Thursday, July 4, 2002
Philadelphia Something wasn't quite right with Bill Cosby.
It happened just over a month ago, during his first five minutes on a concert stage in Austin, Tex. The audience fidgeted nervously as Cosby awkwardly stumbled over his attempted punchlines.
A critic for the Austin American Statesman wrote that Cosby "took his seat at center stage, and for the first five minutes struggled and sputtered." He said the comedian "talked, backtracked, stuttered. It was an odd moment ..."
Still, it wasn't quite as odd as the revelation in the Philadelphia Daily News that Cosby allegedly had accused a longtime friend of witchcraft before he evicted her as overseer of his estate in Elkins Park, Pa., where she's lived for 19 years.
Cosby's strange behavior, in which he and a spiritual adviser, billed as a "lama," accused Gladys Rodgers of using blood and "sparkles" in witchcraft rituals, was the talk of radio and tabloid television this week. The sparkles are bits of mica, a shiny material in the soil in this area.
But some family members and friends have been increasingly worried about the comedian's behavior since his only son, Ennis, was murdered in a freeway robbery in Los Angeles in 1997.
Thornhill Cosby, the entertainer's uncle who once headed the Philadelphia NAACP, said Cosby had been increasingly distant from his relatives here since then.
"I don't know whether the Ennis thing has turned him around ï¿½ I don't know what's happened to him," Thornhill Cosby said. "We've lost contact with him."
The Philadelphia-born Cosby, still an icon of American comedy, will turn 65 this month. He shows no interest in retirement as he jets across the country for speeches, charitable gigs and occasional concerts. It would be easy to blame some of his recent stumbles on exhaustion and advancing age.
And life has never been as easy as the sweater-clad, "national dad" of the "Cosby Show" made it look at times. He shattered racial barriers in the 1960s by appearing on TV's "I Spy" and ruled the airwaves during the 1980s as Cliff Huxtable. But Cosby faltered during the 1970s, when he had trouble finding roles and later admitted he had been unfaithful to his wife, Camille.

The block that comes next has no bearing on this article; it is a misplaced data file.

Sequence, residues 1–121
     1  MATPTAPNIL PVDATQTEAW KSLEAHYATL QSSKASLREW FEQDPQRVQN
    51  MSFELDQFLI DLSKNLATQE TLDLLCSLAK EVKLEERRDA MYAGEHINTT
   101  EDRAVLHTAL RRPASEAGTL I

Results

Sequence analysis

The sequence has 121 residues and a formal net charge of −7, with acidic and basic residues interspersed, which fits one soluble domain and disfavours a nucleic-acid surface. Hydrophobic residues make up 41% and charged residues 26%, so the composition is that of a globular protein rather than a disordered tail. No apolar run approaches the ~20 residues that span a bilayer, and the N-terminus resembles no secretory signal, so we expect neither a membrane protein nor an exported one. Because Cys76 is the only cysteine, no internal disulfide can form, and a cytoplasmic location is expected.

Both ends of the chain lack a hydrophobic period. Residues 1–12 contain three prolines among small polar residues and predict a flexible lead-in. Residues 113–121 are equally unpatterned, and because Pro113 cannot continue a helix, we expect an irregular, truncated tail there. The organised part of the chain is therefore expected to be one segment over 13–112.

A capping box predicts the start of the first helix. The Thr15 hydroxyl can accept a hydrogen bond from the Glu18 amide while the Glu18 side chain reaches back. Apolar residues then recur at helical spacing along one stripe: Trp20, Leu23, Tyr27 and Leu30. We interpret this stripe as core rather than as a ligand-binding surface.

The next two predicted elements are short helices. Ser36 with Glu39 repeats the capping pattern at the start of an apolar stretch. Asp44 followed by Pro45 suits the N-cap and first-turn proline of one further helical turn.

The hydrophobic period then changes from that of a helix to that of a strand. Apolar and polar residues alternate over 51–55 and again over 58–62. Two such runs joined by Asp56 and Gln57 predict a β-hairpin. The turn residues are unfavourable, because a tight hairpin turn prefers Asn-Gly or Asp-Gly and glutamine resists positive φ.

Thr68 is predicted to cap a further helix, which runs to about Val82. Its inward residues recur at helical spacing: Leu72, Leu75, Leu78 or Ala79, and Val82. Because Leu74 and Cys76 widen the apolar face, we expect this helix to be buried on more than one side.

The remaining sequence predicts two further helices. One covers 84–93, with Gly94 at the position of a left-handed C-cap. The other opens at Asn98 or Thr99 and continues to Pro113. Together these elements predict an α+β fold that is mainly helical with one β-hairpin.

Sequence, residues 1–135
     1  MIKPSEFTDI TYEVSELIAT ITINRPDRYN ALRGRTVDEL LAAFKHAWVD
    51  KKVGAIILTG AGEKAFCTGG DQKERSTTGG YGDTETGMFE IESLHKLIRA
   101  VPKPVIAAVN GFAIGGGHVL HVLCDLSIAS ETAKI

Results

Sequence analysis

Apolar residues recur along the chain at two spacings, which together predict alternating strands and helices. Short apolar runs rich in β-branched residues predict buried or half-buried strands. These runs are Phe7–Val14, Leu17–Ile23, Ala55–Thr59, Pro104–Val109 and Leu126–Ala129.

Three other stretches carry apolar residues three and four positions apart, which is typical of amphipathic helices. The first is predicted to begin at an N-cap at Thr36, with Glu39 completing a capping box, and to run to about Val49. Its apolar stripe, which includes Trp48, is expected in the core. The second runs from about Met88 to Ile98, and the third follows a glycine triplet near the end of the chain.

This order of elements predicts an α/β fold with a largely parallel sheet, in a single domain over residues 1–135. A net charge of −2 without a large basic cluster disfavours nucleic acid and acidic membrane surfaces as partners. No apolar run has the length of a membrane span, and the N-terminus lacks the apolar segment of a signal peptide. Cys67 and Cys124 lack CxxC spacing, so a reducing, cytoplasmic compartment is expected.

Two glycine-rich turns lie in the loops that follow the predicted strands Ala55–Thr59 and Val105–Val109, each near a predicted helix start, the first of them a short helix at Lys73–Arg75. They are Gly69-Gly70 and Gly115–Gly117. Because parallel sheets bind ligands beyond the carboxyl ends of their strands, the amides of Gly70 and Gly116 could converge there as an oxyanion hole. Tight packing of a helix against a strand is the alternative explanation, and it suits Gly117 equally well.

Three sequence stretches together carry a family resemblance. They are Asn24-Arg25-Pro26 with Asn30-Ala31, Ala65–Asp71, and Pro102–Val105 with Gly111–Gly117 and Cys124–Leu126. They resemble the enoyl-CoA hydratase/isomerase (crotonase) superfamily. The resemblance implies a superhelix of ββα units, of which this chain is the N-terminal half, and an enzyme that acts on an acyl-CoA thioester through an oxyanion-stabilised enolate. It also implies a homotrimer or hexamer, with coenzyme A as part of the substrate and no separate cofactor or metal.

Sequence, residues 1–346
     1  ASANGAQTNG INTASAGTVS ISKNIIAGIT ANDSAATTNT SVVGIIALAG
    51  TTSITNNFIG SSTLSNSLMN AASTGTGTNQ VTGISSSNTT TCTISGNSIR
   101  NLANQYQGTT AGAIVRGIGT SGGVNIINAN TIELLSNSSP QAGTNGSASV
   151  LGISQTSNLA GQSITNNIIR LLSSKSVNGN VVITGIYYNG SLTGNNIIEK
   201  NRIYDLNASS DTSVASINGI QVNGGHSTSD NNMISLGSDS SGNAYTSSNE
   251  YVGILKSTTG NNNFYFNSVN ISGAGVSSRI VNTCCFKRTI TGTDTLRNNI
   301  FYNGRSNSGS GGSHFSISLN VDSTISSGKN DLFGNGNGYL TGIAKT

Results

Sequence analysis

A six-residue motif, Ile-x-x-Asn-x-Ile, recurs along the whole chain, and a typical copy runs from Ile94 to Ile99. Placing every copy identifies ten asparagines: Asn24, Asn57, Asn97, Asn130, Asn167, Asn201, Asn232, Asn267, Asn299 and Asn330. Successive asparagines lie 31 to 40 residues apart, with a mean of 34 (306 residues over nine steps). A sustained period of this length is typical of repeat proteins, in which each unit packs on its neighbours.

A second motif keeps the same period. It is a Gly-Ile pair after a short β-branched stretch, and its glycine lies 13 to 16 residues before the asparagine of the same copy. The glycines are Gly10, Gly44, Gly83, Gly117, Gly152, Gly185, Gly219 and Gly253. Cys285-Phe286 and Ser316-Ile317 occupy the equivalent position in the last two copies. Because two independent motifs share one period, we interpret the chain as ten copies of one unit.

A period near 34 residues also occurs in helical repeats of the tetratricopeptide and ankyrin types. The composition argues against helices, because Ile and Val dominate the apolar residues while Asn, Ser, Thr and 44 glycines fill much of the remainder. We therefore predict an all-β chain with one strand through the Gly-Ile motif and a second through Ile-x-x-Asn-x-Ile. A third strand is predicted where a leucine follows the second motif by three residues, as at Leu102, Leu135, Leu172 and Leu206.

But it's becoming painfully clear that the last five years have been the most difficult of Cosby's storybook career.
In January 1997, 27-year-old Ennis Cosby was shot and killed on the side of a freeway when he stopped his Mercedes-Benz to change a tire. A Ukrainian immigrant, who later admitted that the young Cosby was "a target of opportunity" for a robbery, is serving a life sentence without parole in California.
Gladys Rodgers, the ex-wife of Philadelphia basketball legend Guy Rodgers, has told the Daily News she started seeing changes in Cosby around the time Ennis died.
Rodgers said that was when an Englishman named David Kirby, Cosby's spiritual adviser, became part of the comedian's inner circle. She said Kirby had used fire, dice, seeds and beads to do "readings" while wearing a "gorgeous purple-and-white striped (gown) with an amulet around his neck."
She said it was Kirby who eventually accused her of witchcraft and asked her to leave the Cosby mansion last month after an investigation that included "a ritual of fire," rolling dice, and analyzing floor sweepings.
It's hard to know what to make of the accusations. Cosby's longtime spokesman, David Brokow, had no comment for this story.